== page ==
It's 2019 and child engagements and marriages are still allowed to take place. To make it even better, these unholy ceremonies are considered legal in so many Arab countries.
The alarming phenomenon is such a common occurrence in some societies that people think it's OK to joke about it. Over the weekend, Egyptian tweep Abdo Gamal did just that, posting an insensitive tweet in which he commented on photos of an underage couple's engagement.
"When a 15-year-old gets engaged, it should wake you up, stupid girls," he wrote, making fun of adult women who are still single.
Given that she's underage, her engagement and Gamal's inappropriate tweet sparked controversy on Twitter.
The tweep's post quickly caught people's attention and saw many criticize him over it. Amid the backlash, he posted a clarification stating he doesn't support child marriages in any way.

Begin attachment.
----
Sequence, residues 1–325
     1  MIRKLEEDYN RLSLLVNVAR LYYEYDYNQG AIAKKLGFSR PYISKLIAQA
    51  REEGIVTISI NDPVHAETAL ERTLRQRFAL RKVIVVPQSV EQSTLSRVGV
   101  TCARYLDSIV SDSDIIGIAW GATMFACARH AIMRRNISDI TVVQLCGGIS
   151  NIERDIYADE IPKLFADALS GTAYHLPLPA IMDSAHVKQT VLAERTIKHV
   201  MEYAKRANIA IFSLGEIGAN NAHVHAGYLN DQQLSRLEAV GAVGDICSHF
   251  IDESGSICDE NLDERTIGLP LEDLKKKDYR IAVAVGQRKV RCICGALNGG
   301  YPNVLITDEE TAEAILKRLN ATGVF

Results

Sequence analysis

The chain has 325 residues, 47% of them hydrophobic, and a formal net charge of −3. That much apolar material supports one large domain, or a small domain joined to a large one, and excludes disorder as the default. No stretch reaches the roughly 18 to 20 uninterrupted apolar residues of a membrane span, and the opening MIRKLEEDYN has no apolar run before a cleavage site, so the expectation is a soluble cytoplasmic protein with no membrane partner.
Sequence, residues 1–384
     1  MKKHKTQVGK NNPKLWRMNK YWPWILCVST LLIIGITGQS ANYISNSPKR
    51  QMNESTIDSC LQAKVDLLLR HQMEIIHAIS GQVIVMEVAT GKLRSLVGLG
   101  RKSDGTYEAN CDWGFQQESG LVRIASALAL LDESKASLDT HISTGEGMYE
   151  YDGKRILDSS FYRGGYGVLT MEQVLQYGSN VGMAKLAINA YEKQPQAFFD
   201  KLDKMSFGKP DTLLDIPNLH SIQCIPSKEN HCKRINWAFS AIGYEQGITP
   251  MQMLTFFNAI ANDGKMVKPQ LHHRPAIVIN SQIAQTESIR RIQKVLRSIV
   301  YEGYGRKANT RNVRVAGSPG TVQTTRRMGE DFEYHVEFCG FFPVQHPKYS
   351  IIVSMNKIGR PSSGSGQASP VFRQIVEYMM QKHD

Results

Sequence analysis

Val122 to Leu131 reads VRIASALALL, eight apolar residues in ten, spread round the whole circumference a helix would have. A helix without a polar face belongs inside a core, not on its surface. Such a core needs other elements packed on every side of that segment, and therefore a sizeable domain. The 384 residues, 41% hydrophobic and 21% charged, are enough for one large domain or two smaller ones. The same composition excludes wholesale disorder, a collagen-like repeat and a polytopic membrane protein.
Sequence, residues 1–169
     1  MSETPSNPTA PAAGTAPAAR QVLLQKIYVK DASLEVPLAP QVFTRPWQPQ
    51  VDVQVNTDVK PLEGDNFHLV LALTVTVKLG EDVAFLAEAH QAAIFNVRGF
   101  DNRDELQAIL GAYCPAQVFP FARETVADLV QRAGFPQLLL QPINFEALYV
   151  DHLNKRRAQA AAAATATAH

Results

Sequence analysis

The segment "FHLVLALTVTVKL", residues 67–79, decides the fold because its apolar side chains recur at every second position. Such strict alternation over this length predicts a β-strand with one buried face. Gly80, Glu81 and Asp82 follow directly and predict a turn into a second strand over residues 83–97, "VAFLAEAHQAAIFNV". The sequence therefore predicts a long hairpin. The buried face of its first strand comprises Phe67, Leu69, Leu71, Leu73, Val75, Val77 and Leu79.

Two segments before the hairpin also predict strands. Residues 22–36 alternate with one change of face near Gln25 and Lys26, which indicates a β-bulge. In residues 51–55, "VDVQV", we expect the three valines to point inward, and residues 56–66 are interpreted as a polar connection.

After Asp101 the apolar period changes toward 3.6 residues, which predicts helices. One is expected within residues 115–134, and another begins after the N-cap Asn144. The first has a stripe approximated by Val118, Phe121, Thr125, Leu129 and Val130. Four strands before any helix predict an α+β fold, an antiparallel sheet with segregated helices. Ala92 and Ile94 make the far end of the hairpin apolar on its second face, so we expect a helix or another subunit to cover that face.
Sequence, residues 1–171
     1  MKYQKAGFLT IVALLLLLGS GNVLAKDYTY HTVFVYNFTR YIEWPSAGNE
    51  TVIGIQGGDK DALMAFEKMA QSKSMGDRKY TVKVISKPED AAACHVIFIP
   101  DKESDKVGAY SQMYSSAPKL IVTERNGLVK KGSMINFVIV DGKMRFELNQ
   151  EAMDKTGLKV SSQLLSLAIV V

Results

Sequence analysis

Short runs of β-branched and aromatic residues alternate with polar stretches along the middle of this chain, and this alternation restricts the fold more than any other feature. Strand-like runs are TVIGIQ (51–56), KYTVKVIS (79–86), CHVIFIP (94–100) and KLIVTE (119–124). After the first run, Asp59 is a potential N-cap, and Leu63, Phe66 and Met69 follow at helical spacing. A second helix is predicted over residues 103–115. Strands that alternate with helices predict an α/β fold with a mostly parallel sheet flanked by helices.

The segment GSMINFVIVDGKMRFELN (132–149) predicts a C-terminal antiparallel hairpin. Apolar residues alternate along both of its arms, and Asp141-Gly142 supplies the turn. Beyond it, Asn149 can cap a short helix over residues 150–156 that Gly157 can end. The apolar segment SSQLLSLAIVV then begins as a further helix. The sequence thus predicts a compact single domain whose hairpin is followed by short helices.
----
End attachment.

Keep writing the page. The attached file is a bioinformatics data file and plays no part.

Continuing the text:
"To those who don't understand anything, I am just joking about the fact that it's too early for her to get engaged. I am 21 going on 22 and I still haven't thought about things like this. Calm down people and if you don't like this tweet, don't comment, I am not forcing anyone to, I swear," he wrote.
However, Gamal's statement didn't do much to end the controversy, which continues to flare online.
Many were just disgusted with Gamal's tweet
"Why do you make it sound like she's accomplished something? This is very silly; humans should have higher ambitions than marriage. We should skip over this news, it would be better."
"Is this serious, guys?"
"By the way, she's still a child"
"This is a crime"
Some called on Twitter to take action
Child marriage is no joke in the region and globally
Normalizing child marriages has become commonplace, and thousands of Arabs who marry off their young daughters use religious edicts to excuse their actions.
Even though the problem is widespread in the Arab world, especially when it comes to rural areas, it isn't limited to the region. It's also considered a global issue affecting numerous countries including the United States.
According to the World Economic Forum, 117 countries around the world allow child marriages, either because there is no set age specification or it is allowed under certain circumstances.
Globally, UNICEF says 39,000 child marriages occur daily. While one in three girls in the developing world are forced into marriage before the age of 18.